Building Node.js REST API servers from OpenAPI specifications

; Date: Tue May 24 2022

Tags: OpenAPI »»»» Node.js

OpenAPI specifications are meant to assist creating either server or client API implementations. In this article we will explore quickly implementing server code from an OpenAPI spec, running on Node.js, preferably using TypeScript.

Our goal in this article is to create a maintainable Node.js/JavaScript/TypeScript server implementing a REST service defined in an OpenAPI specification. In this case we will not generate the OpenAPI spec file from the code, but to use the OpenAPI spec to drive the server. Some frameworks go the other way, and generate the OpenAPI spec from the code. That model is useful in some cases. But, there are many scenarios where we need to implement a server compatible with an existing API where there is a published OpenAPI specification. In such a case, we need to generate the server from the OpenAPI spec, rather than generate the OpenAPI spec from the code.

What do we mean by maintanable server code? APIs change. What happens to your server implementation when you need to update to a later version of the API? A maintainable scenario is where you can update the OpenAPI spec being used without having to recreate your implementation from scratch. In some cases, regenerating source code from a changed API spec overwrites existing code. If you've customized code that was overwritten you'll need to recreate the customization. Instead, we must be able to quickly update our server code with very little or no fuss. This is because we must have a tight loop between iterating the OpenAPI spec and testing server implementation changes.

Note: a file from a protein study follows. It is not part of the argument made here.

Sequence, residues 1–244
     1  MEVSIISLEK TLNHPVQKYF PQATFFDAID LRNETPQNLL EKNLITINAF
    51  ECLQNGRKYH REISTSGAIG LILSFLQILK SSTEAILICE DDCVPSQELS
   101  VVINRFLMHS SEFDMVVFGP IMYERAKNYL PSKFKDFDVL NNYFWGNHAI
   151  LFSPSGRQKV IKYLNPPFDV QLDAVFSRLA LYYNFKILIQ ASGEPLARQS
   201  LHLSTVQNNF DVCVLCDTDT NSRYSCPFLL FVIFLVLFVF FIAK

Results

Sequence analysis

The core of an OpenAPI spec is the paths structure, where each item is a URL path in our API. These URL's clearly correspond to route handlers like these:

router.get('/todos/all', ...)
router.put('/todos', ... )
router.delete('/todos/123', ...)